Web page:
Jump to content

main bearing clearance


Recommended Posts

  • Replies 21
  • Created
  • Last Reply

Top Posters In This Topic

Top Posters In This Topic

So the clearance is about .004 small I need to be between .002 which mm undersized do I need? Just to recap I need undersized bearings because the crank is too tight correct? Bcuz normally their would be a plastigage strip this fat (     ), instead what I have is more like (  ). My engine spins perfect until the main bearings are torque so I'm just gettingan idea. Btw this is my first complete build so pardon my lack of intellect, and thanks frickin' ratsun people are awesome!!

Link to comment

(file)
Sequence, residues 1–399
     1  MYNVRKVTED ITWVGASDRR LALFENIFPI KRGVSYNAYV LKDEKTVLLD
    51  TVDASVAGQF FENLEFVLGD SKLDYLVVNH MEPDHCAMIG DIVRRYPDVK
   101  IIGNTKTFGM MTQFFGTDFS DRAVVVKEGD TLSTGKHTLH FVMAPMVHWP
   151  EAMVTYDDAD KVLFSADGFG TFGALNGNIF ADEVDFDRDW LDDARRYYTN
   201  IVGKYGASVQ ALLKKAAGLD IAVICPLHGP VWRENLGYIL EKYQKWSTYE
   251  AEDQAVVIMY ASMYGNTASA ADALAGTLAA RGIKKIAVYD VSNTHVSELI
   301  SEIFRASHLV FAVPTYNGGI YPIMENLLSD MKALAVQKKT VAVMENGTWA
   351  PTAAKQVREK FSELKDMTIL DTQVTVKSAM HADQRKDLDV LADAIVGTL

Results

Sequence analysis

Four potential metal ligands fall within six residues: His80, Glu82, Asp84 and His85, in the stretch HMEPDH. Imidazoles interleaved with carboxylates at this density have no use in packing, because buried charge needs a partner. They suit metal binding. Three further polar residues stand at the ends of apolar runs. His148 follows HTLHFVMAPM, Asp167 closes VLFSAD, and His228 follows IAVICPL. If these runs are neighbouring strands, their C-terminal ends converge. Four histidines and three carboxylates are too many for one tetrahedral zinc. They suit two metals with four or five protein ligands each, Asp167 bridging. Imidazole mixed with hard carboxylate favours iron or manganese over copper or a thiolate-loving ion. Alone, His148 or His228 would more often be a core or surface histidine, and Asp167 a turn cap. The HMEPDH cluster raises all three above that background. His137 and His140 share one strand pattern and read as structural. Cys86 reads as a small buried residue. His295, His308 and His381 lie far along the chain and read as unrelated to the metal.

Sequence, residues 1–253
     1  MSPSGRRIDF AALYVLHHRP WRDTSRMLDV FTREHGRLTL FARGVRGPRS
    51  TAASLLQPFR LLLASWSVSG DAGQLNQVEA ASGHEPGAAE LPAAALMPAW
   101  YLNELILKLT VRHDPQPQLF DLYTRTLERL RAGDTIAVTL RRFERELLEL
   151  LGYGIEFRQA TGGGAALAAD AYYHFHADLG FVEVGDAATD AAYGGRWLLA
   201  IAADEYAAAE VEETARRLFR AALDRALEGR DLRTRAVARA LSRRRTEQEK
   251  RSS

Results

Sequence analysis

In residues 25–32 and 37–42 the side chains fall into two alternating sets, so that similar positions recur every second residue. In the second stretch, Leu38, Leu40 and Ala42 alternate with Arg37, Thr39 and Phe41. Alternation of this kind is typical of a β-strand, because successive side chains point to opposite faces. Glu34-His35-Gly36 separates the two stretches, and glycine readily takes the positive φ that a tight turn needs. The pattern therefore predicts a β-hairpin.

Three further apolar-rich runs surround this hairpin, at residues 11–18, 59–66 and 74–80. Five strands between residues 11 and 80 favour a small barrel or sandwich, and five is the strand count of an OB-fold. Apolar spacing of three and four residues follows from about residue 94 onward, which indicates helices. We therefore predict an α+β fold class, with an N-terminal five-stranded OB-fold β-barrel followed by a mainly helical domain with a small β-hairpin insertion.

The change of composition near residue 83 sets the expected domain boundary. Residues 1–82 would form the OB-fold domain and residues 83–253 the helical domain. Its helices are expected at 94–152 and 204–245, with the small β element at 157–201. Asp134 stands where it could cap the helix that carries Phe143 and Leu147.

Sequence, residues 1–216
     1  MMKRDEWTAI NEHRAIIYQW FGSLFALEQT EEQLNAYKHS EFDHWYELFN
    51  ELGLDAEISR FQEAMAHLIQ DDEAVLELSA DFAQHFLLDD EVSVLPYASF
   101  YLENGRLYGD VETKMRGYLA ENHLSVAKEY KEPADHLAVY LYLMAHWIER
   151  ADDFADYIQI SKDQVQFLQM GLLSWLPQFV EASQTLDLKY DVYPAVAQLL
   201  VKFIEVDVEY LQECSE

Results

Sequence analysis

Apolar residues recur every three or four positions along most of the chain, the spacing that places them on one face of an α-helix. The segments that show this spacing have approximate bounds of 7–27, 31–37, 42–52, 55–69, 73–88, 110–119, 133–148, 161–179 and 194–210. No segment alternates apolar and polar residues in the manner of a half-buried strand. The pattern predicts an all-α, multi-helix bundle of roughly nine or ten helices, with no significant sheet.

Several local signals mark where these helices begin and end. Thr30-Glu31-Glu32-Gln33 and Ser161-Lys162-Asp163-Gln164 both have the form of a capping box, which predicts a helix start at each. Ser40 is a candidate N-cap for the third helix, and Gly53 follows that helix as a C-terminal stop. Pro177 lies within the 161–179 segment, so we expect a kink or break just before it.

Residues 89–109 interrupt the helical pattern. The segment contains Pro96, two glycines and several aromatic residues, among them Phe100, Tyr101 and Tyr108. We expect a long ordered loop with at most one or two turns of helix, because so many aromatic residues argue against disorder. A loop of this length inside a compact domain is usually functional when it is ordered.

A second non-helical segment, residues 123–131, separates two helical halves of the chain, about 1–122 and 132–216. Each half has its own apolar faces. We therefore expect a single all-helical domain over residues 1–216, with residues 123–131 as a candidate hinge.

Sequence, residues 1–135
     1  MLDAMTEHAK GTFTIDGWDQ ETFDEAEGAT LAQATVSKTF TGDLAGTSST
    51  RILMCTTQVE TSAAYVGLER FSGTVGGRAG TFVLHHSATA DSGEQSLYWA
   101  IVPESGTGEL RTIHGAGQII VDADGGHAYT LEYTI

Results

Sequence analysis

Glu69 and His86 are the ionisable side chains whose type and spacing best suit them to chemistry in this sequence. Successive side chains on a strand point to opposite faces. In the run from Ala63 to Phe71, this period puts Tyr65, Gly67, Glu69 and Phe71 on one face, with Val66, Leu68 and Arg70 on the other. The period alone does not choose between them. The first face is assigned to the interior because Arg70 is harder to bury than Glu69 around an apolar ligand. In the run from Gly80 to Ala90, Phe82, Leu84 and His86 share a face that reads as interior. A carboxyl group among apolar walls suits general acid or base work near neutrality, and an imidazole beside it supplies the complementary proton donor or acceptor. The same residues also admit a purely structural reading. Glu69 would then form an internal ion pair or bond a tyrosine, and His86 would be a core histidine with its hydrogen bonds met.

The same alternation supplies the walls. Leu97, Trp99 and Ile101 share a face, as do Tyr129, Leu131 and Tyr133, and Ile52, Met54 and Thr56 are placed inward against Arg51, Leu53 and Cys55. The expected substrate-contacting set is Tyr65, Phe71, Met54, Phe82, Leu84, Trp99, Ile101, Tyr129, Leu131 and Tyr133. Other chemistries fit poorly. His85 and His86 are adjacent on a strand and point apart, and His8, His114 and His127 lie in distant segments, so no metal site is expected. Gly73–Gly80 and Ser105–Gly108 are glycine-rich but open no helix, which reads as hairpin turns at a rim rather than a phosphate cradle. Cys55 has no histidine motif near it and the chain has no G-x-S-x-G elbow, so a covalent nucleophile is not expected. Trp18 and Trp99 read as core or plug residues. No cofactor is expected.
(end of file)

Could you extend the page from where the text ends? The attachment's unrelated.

So I 're measure, and this is what I found. The #1 smaller than .003, #2, #3, and #4 same under .003, and then the rear bearing is within spec of.002 . What does this mean? Can I mix an match bearings or am I going to need the journals foreground? Thanks again

Link to comment

If the crank is worn smaller than stock, then over size bearings are needed to make up the difference. Often the crank needs to be ground down to a known amount like 0.2mm or about 0.008" and then bearing shells of a known oversize can be fitted.


Measurements in mm and inches is confusing so stick to one.


I assume that your readings are by plasti-gauge? Try mixing the other bearing shells around for a better fit..

Link to comment

The crank journals are machined smaller. Then undersized bearings are fitted. Undersized bearings are thicker.


You don't need new bearings. 3 thousands clearance is good, the service limit is 6.2.


With A12/A14/A15 factory bearings being tri-layer they do not often wear out. Unless engine ran out of oil or was contaminated, the bearings usually do not need to be replaced. Rings last about 200000 km, bearings can last 800000 km.